>>> pragma is encountered, or until the end of the translation unit. When
>>> inside a compound statement, the pragma takes effect from its
>>> occurrence until another FP_CONTRACT pragma is encountered (including
>>> within a nested compound statement), or until the end of the compound
>>> statement; at the end of a compound statement the state for the pragma
>>> is restored to its condition just before the compound statement. If
>>> this pragma is used in any other context, the behavior is
>>> undefined. The default state ("on" or "off") for the pragma is
>>> implementation-defined.

....
>> It refers to section 6.5; do you try reading the description there?
>> In particular, 6.5p8 says:
>>
>> A floating expression may be contracted, that is, evaluated as
>> though it were an atomic operation, thereby omitting rounding
>> errors implied by the source code and the expression evaluation
>> method. The FP_CONTRACT pragma in <math.h> provides a way
>> to disallow contracted expressions. Otherwise, whether and how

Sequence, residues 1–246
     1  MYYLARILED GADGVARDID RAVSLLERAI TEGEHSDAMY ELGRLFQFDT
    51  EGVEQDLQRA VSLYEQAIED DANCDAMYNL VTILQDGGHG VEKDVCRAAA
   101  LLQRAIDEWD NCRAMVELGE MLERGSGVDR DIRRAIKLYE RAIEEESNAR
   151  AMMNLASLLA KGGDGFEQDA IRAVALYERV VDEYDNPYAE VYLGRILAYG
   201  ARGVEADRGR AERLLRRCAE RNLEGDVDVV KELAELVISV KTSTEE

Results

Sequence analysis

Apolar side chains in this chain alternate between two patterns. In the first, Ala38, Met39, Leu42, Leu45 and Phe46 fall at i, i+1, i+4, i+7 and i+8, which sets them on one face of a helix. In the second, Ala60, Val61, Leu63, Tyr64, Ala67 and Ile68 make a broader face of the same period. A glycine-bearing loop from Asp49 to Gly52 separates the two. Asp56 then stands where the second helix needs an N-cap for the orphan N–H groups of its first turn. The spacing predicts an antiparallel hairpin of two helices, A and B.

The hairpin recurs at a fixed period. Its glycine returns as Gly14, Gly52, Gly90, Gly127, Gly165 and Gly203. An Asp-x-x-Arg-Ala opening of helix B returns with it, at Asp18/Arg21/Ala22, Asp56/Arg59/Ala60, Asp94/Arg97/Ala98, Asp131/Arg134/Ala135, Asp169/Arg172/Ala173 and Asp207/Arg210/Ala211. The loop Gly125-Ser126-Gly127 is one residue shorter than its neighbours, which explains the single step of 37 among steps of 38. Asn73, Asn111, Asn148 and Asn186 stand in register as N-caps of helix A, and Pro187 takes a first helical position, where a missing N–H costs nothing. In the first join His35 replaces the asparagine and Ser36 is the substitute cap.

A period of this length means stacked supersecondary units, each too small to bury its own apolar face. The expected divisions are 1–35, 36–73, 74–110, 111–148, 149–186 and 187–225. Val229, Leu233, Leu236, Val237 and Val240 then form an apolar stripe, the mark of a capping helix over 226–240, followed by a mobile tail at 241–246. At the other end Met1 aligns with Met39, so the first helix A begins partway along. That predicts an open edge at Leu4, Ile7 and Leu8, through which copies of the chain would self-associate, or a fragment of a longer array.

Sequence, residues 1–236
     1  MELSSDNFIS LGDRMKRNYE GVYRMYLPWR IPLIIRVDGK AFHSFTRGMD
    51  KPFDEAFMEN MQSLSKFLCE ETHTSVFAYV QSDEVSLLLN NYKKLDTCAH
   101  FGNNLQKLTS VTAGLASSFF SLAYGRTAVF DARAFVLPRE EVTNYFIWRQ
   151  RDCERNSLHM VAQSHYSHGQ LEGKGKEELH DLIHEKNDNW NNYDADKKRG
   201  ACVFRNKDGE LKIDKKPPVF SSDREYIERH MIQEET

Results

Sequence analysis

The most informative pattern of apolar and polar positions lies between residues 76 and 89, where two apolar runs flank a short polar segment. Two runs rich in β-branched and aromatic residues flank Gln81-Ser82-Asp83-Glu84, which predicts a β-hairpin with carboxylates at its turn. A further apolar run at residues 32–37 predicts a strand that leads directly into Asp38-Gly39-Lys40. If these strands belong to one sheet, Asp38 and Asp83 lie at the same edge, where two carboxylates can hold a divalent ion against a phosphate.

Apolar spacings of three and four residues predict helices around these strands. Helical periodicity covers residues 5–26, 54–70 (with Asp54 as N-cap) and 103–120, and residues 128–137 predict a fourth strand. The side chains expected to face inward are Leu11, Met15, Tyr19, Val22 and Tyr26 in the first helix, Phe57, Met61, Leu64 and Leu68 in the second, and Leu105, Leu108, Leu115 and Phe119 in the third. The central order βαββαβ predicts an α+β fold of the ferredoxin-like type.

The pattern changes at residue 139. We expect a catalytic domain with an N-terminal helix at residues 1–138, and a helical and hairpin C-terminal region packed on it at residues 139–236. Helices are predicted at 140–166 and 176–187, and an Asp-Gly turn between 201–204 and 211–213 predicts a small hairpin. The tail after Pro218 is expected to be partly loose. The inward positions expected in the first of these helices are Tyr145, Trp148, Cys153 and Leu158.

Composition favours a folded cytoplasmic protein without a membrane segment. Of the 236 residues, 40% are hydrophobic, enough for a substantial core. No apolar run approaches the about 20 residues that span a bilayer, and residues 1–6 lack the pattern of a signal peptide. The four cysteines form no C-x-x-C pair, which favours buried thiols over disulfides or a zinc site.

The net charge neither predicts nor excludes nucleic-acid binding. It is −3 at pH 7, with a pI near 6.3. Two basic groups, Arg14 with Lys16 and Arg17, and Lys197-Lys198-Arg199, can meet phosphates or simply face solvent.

>> expressions are contracted is implementation-defined.

....
> What has the standardization of these pragmas accomplished?


Relatively little, so far; fully conforming implementations of C99 are
still relatively uncommon, more than a decade after the standard was
approved. However, in principle they provide portable methods for
controlling some of the issues that are relevant to making reliable
programs that do lots of high precision floating point math.

FP_CONTRACT: allowing contraction can, in principle, produce more
accurate results. However, since contraction is optional even when
FP_CONTRACT is ON, you can't rely upon those answers. Forbidding
contraction therefore improves the reliability of the results (at the
expense of their accuracy).

FENV_ACCESS: This tells the compiler to avoid optimizations that could
render calls to the new functions for examining the floating point
environment meaningless. Now, the simple fact that a given piece of code
uses those new functions should imply the need for suppressing such
optimizations - but over what portion of the program? This pragma allows
precise specification of the region of the code in which those
optimizations must be disabled.

CX_LIMITED_RANGE: There's a fast way and a slow way to handle many
operations involving complex numbers; the slower method avoids some
problems that can occur with the fast way, if the magnitude of the
complex number is too big or too small. If a programmer has gone to the
trouble of ensuring that his program never performs any operations on
complex numbers that would trigger this problem, this pragma allows him
to inform the compiler of that fact, enabling use of the faster methods.

For people who need to do high precision floating point operations, or